Lessons we learned from turning 5.

Happy Birthday to us!

5 years ago today, I had the bright idea of making a company called Exhibit Change. It was my way of bringing together design and community and being able to work at this intersection ever since has been supremely amazing!

Over the last 5 years, I have learned a thing or two and I thought I would share:

1. Collaboration is hard – it is no question that we can get more done with others than we can alone, we all know this. And there is a beautiful harmony to getting into the groove with another person or team and just making things happen. There is no denying that the vision grows and the idea spreads its wings to fly. Alas, we know it is hard. It is harder to bend to another person’s demands or to flex your mindset. That doesn’t mean you don’t keep trying.

2. Keeping challenging others – just like collaboration, challenging each other is what gets our growth mindset into gear. It is those moments where you know you should say something even though it is going to get you some death stares and unfriendly comments. It is challenge others and yourself that keeps you from letting the status quo wash over you.

3. Accept feedback – this is one of the hardest things to do. We are all really familiar with the nice thing-mean thing-nice thing feedback sandwich. We want to appreciate each other and the work we do, but all you ever remember is how the mean thing left you feeling. Giving feedback is difficult and accepting feedback makes you vulnerable.

4. Question everything – never assume, things are the way they are for a reason and just accept it. Asking questions, much like collaboration and challenging others is often thought of as an annoying habit of 5 year olds. Well guess what, we are 5!!! So we are going to keep asking why all day long.

These are the lessons that fuel our work and the last 5 years have been brilliant, who knows what will come next!




The Value of a Pivot

Often, we set out with a plan in mind and it seems crystal clear exactly how we are going to make that idea happen. In our minds, we have probably been playing with this idea in different forms and sometimes just saying it out loud can take it in an entirely different direction.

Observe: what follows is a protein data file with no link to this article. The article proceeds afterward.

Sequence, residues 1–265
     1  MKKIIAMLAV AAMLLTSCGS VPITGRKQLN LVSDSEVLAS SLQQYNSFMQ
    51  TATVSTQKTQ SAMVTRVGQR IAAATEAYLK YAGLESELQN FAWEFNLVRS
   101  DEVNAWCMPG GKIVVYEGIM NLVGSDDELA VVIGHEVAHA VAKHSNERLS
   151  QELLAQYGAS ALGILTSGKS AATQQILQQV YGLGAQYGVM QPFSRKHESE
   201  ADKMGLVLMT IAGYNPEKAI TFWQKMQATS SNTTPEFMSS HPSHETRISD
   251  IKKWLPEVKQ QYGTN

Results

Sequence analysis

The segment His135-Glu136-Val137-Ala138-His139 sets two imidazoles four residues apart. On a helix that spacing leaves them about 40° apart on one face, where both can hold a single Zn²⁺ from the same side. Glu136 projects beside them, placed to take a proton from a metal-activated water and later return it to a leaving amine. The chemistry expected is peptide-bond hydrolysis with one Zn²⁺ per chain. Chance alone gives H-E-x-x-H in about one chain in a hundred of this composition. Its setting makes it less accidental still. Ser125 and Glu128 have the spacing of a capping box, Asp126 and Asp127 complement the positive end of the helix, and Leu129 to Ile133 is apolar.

13127049044_d9bdb3a598_cWe work in complex problems and sometimes find ourselves as the ones who have to say, “hold on… what are we actually trying to achieve here?”

This is an extremely difficult conversation to have especially when it feels like forward is the only way to go. We have all been on a project where the bias to take action is imperative, time is of the essence, everything around you seems to be saying yes, yes, yes and yet this is the moment when reflection and feedback serve the greatest purpose.

The value of a pivot:

  • Take a pause;
  • Reflect on how you got here;
  • Question the process;
  • Develop a strategy to the strategy; and
  • Fundamentally challenge your assumptions.

Find your repurpose.

It feels simpler to listen to everyone that is agreeing and seek kind feedback to justify what you are doing. The complexity is looking for respectful and challenging feedback for an opportunity to react and pivot.

Momentum can be dangerous, as it pushes you in the only direction it can. 

Let’s not kid ourselves, we are huge fans of bringing outrageous ideas to fruition, that is how we ended up doing a Nuit Blanche exhibit in a truck and a ball pit in a park. We love to play with making ideas happen and undeniably we learn greatly from these ideas.

So, sometimes it is awkward to be seen as the one driving towards action and simultaneously having to put the breaks on.


It may feel like taking a pivot is going sideways or even worse backwards, but we strongly value the role and position of being able to embrace this moment and push beyond it. It is an opportunity to fail up (push to, through and beyond failure) to be able to see what you are learning and what you need next.

It takes great strength to be able to acknowledge what didn’t work. 

We appreciate that is difficult to both give and receive feedback, especially with every intention of being empathic and vulnerable. (I know that I am trying to work on this.) It is common to be defensive, this is a skill we have honed for years.

This is the messiness of the process. It is never as linear as it is on paper or as clear as it is in our minds. We understand that a pivot may feel disruptive or even abrupt. We admire organizations that can take the time to reflect on the greater good for the users as opposed what the designers want. It can be difficult to separate personal aspirations from project aspirations.